Events & Seminars > Event Details


4:00 pm
Room 304, Chemistry Building

Targeted and Serendipitous Discovery of New Reactions


Professor Mitch Croatt
University of North Carolina at Greensboro

Hosted by: Professors Mike Hilinski and Rebecca Pompano

Abstract:  In order to approach the ideal synthesis, my research group is focused on reducing the number of steps required to synthesize molecules.  To optimally do so, we are 1) designing new reactions that add significant molecular complexity to the molecules, 2) using function-oriented synthesis to simplify structures without sacrificing the activity of the molecule, and 3) using late-stage diversification to produce more analogues in a more rapid fashion.  Towards these ends, I will first be presenting some of our results to generate cyanocarbenes from alkynes and azides.  I will also present my groups’ synthesis of clinprost, which utilized all three of these step-saving approaches, in addition to some fortuitous reaction discovery, to yield the shortest synthesis of clinprost and its analogues.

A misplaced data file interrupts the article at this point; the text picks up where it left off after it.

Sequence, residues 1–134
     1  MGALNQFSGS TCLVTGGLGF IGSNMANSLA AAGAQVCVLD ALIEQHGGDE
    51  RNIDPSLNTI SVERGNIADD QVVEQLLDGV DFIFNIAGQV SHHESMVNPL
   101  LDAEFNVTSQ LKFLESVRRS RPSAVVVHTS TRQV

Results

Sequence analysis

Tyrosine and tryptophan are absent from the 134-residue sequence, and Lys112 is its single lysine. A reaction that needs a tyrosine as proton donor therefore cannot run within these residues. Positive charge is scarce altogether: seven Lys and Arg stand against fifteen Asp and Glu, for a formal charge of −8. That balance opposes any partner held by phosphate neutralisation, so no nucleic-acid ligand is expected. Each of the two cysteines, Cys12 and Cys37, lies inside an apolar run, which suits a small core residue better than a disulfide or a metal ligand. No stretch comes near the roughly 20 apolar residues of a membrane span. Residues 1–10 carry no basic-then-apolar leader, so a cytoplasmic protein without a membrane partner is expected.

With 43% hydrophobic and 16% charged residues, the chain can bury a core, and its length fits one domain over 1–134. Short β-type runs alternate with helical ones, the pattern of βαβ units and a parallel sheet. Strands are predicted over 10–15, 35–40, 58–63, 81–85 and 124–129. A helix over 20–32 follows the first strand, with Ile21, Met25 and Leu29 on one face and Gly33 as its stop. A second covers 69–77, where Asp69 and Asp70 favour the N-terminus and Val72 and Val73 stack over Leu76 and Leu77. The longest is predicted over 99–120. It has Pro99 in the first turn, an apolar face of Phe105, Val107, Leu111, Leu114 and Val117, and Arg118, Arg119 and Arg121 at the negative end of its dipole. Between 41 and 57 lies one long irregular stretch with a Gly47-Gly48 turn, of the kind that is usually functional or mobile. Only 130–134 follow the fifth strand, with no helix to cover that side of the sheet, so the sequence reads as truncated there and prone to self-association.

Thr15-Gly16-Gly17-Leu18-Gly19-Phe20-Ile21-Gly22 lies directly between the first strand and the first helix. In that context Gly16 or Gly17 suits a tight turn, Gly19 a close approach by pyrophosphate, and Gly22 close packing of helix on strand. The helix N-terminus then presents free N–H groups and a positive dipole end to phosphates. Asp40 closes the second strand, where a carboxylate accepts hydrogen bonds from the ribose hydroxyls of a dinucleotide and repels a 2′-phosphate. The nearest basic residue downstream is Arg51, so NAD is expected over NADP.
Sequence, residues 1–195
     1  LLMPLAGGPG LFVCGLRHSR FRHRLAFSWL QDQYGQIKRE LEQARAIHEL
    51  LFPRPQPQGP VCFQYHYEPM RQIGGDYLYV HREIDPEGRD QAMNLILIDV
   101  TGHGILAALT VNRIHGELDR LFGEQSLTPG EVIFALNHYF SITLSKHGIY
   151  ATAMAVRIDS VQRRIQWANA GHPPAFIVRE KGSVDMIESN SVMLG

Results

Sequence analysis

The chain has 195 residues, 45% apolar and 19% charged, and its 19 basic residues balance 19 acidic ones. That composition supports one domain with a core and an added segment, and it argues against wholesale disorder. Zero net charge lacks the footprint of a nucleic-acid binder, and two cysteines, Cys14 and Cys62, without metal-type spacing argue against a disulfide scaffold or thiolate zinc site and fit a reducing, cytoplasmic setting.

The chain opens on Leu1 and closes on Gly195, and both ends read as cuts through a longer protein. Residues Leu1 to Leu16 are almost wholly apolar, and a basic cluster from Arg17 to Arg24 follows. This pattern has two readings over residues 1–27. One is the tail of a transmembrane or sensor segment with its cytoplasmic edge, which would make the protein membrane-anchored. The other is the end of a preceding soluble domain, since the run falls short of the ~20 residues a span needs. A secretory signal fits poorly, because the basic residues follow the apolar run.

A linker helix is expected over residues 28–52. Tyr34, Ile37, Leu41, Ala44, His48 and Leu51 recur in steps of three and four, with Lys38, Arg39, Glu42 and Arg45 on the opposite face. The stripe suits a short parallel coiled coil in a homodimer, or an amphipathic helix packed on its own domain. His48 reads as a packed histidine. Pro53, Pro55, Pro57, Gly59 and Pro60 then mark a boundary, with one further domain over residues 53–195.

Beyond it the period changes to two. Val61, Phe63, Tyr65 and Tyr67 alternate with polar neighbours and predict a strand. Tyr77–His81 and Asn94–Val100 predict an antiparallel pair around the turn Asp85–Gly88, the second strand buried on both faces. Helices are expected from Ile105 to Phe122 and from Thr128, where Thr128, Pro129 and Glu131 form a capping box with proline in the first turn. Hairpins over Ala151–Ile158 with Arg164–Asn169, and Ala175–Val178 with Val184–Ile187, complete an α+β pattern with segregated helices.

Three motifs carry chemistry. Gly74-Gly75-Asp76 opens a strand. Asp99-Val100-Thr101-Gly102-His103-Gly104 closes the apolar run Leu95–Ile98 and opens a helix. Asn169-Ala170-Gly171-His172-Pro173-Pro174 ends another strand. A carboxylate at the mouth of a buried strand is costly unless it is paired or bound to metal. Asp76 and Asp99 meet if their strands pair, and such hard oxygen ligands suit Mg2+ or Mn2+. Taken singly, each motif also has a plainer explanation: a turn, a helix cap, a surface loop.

Biosketch:  Mitch Croatt grew up in Minnesota and did undergraduate research in the lab of George O’Doherty.  He then did his Ph.D. with Paul Wender at Stanford University and postdoctoral research with Erick Carreira at ETH-Zurich.  He started his academic career at UNC-Greensboro in 2010 and has recently been promoted to associate professor.  He has mentored more than 35 researchers, has won teaching awards from UNC-Greensboro, and has been funded with ACS-PRF, NSF CAREER, and NIH grants.